The latest comic run of The Amazing Spider-Man, written by Zeb Wells, hasn't been, to put it lightly, warmly received by fans, because of some controversial choices.
Not only were Peter Parker and Mary Jane immediately broken up (again) off-panel, with her suddenly together with a man named Paul with two kids, but it's now even managed to insult Ms. Marvel fans.
Marvel Comics has been hyping up issue #26 of The Amazing Spider-Man as "the most shocking issue [...] in 50 years,” which will coincide with the 50th anniversary of Gwen Stacy's death. So, obviously, someone was going to die with the comic book publisher even releasing a cover showing a who's who in who it might be.
Unfortunately for the publisher, one irate insider at the company decided to leak the ending of the next issue three weeks before its release, revealing that it will be Kamala Khan, of all characters, who dies. However, many are misinterpreting why fans of the character are pissed and how it goes beyond her just dying.
Fans Know It Won't Last
Most fans know that Kamala Khan won't stay dead, especially when The Marvels is set to release in theaters on November 10. But it only makes her abrupt death worse since it severely lessens any impact it otherwise would have had on readers.
Nowadays, killing off a comic book character is nothing more than a cheap marketing stunt to drum up sales and hawk variant covers. The old adage "No one stays dead except Bucky, Jason Todd, and Uncle Ben" hasn't even been applicable since 2005.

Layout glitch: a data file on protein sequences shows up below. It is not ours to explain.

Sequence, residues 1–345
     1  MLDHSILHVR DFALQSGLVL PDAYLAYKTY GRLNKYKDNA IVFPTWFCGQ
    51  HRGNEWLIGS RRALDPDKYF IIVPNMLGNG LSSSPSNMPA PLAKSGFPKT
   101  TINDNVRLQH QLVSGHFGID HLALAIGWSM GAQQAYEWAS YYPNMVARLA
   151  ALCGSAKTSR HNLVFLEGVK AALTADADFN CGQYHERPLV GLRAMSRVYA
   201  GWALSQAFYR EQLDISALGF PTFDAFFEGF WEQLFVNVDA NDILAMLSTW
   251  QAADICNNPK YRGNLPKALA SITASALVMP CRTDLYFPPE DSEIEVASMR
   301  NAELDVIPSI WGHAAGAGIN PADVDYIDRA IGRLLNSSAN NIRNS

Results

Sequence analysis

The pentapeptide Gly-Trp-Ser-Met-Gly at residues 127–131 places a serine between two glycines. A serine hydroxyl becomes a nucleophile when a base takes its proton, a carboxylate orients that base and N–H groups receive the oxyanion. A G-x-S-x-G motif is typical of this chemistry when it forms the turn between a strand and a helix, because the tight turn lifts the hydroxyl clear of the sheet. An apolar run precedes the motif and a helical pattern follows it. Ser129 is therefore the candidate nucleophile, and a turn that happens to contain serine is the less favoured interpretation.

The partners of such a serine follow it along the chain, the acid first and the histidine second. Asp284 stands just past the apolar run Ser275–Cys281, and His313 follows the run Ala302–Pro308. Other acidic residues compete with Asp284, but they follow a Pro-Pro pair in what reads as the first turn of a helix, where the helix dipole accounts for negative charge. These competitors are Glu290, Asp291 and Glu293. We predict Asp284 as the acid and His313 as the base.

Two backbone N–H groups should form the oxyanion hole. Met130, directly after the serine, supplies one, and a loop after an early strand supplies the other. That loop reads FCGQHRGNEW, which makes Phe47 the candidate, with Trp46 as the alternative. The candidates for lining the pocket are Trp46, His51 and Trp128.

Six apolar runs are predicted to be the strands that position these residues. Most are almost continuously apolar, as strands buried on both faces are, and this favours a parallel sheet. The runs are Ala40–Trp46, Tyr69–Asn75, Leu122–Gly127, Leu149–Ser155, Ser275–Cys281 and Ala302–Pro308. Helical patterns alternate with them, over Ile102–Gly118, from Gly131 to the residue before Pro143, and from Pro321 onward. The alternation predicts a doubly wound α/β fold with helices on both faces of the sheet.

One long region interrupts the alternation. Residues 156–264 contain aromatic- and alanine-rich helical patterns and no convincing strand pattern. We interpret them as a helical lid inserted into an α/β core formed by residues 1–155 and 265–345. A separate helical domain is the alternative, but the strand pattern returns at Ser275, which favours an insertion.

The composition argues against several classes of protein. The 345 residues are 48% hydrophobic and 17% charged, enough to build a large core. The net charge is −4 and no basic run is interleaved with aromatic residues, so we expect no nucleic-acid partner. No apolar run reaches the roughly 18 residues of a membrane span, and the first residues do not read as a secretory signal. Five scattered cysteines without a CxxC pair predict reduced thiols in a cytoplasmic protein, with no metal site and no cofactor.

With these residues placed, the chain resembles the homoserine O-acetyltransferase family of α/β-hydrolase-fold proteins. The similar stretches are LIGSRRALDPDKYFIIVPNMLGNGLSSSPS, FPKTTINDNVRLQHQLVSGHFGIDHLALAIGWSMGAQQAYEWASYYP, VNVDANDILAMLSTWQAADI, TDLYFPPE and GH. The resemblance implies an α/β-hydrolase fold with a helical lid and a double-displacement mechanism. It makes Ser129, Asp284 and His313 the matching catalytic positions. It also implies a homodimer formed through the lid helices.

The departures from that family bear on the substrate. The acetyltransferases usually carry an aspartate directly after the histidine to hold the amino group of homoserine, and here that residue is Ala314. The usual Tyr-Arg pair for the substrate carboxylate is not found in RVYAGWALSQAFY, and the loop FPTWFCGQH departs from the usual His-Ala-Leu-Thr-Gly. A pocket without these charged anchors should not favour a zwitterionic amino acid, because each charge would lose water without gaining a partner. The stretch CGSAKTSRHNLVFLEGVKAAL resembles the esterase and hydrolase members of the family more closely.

But despite the criminal cheapness of deaths in the Marvel universe, it doesn't mean they can't still work. After all, Captain America, Johnny Storm, Spider-Man (Ultimate Comics), and even Wolverine got readers emotionally invested in their deaths.
Although it helped that three of the four characters listed had an entire storyline built around their impending ends and that the Human Torch was a crucial character in Jonathan Hickman's Fantastic Four.
The latter can't be said for Ms. Marvel in Wells' controversial run, who might as well be a footnote.
Entertainment Weekly described Kamala Khan as "an important part" of Wells' run of The Amazing Spider-Man and Marvel.com said that she has been "a pivotal supporting character." But in actuality, she barely features in the run at all.